Fish in U.S. Rivers Tainted With Common Medications
Study is part of government strategy to tackle issue
THURSDAY, March 26, 2009 (HealthDay News) -- Fish from five U.S. rivers were found to be tainted with traces of medications and common chemicals, according to a new study from the U.S. Environmental Protection Agency and Baylor University.
The common antihistamine diphenhydramine (Benadryl), an anticonvulsant and two types of antidepressants were among the seven types of pharmaceuticals found in the tissue and livers of fish from waterways in or near Chicago, Dallas, Philadelphia, Phoenix and Orlando, Fla. Each river is considered "effluent-dominated," because they receive large amounts of wastewater discharge from nearby sewage treatment plants.
While federal standards exist for treated wastewater, they do not address pharmaceuticals or most personal care products, and little is known about the effects they have on the environment and wildlife. This study is part of a federal strategy to address the issue.
Previous research has concluded that behavior vital for fish survival, such as mating and fighting, can be affected if too much antidepressant residue collects in their systems.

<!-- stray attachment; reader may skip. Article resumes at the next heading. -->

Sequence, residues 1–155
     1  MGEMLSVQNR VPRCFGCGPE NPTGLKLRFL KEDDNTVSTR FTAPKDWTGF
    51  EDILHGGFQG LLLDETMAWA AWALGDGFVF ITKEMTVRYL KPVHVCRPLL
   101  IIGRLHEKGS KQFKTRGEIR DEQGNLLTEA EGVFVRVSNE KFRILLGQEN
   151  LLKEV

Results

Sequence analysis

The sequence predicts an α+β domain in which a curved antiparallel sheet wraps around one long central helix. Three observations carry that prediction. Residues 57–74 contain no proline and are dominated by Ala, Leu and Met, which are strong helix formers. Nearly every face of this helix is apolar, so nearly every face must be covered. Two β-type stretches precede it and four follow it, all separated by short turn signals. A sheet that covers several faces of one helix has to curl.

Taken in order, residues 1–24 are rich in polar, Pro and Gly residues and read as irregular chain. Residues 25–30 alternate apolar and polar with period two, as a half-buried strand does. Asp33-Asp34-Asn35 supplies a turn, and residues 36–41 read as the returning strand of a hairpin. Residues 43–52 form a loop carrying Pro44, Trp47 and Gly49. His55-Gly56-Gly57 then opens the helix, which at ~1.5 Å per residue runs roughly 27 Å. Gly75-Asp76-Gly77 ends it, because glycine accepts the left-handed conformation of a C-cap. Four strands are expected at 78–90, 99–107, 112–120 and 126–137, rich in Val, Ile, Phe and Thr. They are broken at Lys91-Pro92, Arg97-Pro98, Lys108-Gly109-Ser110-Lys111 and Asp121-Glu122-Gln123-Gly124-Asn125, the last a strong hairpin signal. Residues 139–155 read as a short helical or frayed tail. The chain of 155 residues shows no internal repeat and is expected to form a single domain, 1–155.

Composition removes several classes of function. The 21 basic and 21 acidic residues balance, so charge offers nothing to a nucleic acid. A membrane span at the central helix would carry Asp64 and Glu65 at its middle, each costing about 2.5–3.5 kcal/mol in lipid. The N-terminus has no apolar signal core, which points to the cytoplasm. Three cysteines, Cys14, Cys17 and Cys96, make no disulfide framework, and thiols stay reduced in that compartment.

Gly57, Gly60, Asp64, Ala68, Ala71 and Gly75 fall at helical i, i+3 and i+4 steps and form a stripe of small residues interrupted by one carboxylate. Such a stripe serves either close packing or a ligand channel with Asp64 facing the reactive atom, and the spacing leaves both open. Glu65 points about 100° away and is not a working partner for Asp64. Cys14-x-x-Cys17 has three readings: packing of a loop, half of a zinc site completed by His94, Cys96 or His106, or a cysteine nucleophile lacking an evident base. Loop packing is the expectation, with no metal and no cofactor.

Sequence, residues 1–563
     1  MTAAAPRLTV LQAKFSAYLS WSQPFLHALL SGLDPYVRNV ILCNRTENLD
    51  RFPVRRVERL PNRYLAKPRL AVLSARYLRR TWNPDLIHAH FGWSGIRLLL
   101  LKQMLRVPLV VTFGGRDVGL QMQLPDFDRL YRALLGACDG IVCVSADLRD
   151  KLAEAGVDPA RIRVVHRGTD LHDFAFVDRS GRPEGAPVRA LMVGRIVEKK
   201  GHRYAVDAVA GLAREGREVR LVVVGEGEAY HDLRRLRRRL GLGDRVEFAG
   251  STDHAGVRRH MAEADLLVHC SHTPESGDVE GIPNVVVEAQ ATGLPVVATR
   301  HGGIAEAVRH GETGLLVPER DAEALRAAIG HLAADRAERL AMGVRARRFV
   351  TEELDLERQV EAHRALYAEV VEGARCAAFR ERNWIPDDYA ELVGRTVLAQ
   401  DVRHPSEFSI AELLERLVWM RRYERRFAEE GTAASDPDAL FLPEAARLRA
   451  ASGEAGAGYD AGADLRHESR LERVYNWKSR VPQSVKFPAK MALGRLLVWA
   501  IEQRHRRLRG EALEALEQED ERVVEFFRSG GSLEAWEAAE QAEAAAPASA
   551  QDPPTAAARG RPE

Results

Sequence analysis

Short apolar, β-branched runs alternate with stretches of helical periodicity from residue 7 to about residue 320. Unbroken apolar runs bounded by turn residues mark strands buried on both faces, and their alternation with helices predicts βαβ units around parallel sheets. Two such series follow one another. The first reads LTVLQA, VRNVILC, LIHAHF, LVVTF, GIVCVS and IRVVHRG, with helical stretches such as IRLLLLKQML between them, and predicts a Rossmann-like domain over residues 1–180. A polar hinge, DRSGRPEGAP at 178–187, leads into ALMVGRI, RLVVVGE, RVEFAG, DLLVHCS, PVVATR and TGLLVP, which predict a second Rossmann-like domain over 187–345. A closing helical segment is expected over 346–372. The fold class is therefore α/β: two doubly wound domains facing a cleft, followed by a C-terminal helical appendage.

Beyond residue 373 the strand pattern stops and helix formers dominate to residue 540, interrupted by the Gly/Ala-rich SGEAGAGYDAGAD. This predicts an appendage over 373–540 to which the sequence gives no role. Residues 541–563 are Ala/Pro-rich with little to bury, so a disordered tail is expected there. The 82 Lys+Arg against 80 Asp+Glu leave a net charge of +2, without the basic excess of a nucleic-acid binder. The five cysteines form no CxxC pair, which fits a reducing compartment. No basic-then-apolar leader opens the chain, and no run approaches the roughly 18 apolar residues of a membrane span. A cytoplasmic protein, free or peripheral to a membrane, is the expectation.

While other studies have found pharmaceuticals and personal care products in wild river fish, this is the first time multiple compounds have been found in fish from several different locations, co-lead investigator Bryan Brooks, an associate professor of environmental sciences at Baylor, said in a news release issued by the Texas-based university.
The medications and chemicals found from among the 36 tested for were, aside from diphenhydramine:
- the cholesterol drug gemfibrozil (Lopid), which researchers say had never before been found in wild fish;
- diltiazem (Cardizem), a medication that helps control high blood pressure;
- carbamazepine (Tegretol), a drug used for epilepsy and bipolar disorder;
- norfluoxetine, an active ingredient in the antidepressant fluoxetine (Prozac);
- the antidepressant sertraline (Zoloft);
- galaxolide and tonalide, common odor-enhancing ingredients in soap and other hygiene products.
Galaxolide and tonalide were found in the highest concentrations in the fish tissue, while the others were more concentrated in the liver, which processes foreign substances that enter the body.
The study was presented Wednesday at the American Chemical Society annual meeting in Salt Lake City, while the results also are to be published in a special online edition of Environmental Toxicology and Chemistry.
The U.S. Geologic Survey has more about toxins in wastewater.